In the fourth case, we can extract the storage of localstorage:

import React,{ useState, useEffect } from 'react'

export default function useLocalstoagehook(key) {

  const [name, setName] = useState(() => {
    const name = JSON.parse(localStorage.getItem(key))
    return name
  })

  useEffect(() => {
    // localStorage.setItem('name', name)
    localStorage.setItem(key, JSON.stringify(name))
  }, [name])
   
  return [name,setName]

}

Call where needed:

import React, { useState, useEffect } from 'react'

import useLocalstoagehook from '../hook/localstoagehook'

export default function CustomLocalStorage() {
  
  const [name,setName]= useLocalstoagehook('name')

  return (
    <div>
      {name}
      <button onClick={e => setName('lsh')}>set up</button>
    </div>
  )
}

The fifth case, for example, assumes that you have components that display a list of comments for an article. We can imagine a few lines:

const ArticleWithComments = (articleId) => {
  const [comments, setComments] = useState([])
  const [error, setError] = useState(null)

  let handleCommentsSuccessFetch = (articleComments) => setComments(articleComments)

  let handleError = error => setError(error)

  useEffect(() => {
    fetchComments(articleId, handleCommentsSuccessFetch, handleError)
  }, [])

  return (
    // Do something in the DOM
  )
}

const BlogPostWithComments = (blogPostId) => {
  const [comments, setComments] = useState([])
  const [error, setError] = useState(null)

  let handleCommentsSuccessFetch = (blogPostComments) => setComments(blogPostComments)

  let handleError = error => setError(error)

  useEffect(() => {
    fetchComments(blogPostId, handleCommentsSuccessFetch, handleError)
  }, [])

  return (
    // Do something in the DOM
  )
}

In this example, we have two components. Both of them get a list of comments based on their ID (post ID or blog post ID). In useEffect hook, we have an API call that retrieves these comments through two functions. One sets the status to comment in case of success, and the second sets the status to error in case of error. However, the functionality is duplicated between the two components. Fortunately, we can extract this feature in the custom hook:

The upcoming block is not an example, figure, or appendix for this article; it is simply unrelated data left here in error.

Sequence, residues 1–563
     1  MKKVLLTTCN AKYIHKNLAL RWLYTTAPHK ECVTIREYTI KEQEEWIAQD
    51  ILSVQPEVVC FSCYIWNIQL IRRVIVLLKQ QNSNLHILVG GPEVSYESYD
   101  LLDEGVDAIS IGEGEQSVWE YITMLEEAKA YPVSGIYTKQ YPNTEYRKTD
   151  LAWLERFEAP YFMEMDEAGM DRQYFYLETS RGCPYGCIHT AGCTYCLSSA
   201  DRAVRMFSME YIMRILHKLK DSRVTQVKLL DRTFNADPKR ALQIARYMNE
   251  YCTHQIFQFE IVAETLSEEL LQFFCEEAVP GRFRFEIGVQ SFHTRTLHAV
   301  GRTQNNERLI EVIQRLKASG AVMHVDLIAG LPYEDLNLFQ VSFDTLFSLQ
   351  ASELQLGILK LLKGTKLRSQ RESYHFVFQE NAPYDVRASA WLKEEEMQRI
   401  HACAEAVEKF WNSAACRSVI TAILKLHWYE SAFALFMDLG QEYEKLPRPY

const useCommentsRetriever = (entityId) => {
  const [comments, setComments] = useState([]);
  const [error, setError] = useState(null);

  let handleCommentsSuccessFetch = (comments) => setComments(comments);

  let handleError = (error) => setError(error);

  useEffect(() => {
    fetchComments(entityId, handleCommentsSuccessFetch, handleError);
  }, []);

  return [comments, error];
};

Here, we have hook usecomments retriever. It takes an entityId as a parameter. This will be the ID of our post or the ID of our blog post. Then, it is similar to the content in the component. The difference is that this custom hook needs to return something. I choose to return an array here. The first element is a comment and the second element is an error. It will be used in this way:

//Import the custom hook
import useCommentsRetriever from './useCommentsRetriever.js'

const ArticleWithComments = (articleId) => {

  const [comments, error] = useCommentsRetriever(articleId)

  return (
    // Do something in the DOM
  )
}

const BlogPostWithComments = (blogPostId) => {

  const [comments, error] = useCommentsRetriever(blogPostId)

  return (
    // Do something in the DOM
  )
}

See how much code we need to write? The useCommentsRetriever takes an id as a parameter. This [comments, error] is what we call array deconstruction. hookuseCommentsRetriever returns an array. We assign the first item of the array to the variable name annotation and the second item of the array to the variable name error.

The above is a collection of react hook cases. I hope it will help you.

Posted on Tue, 07 Dec 2021 00:52:52 -0500 by danielle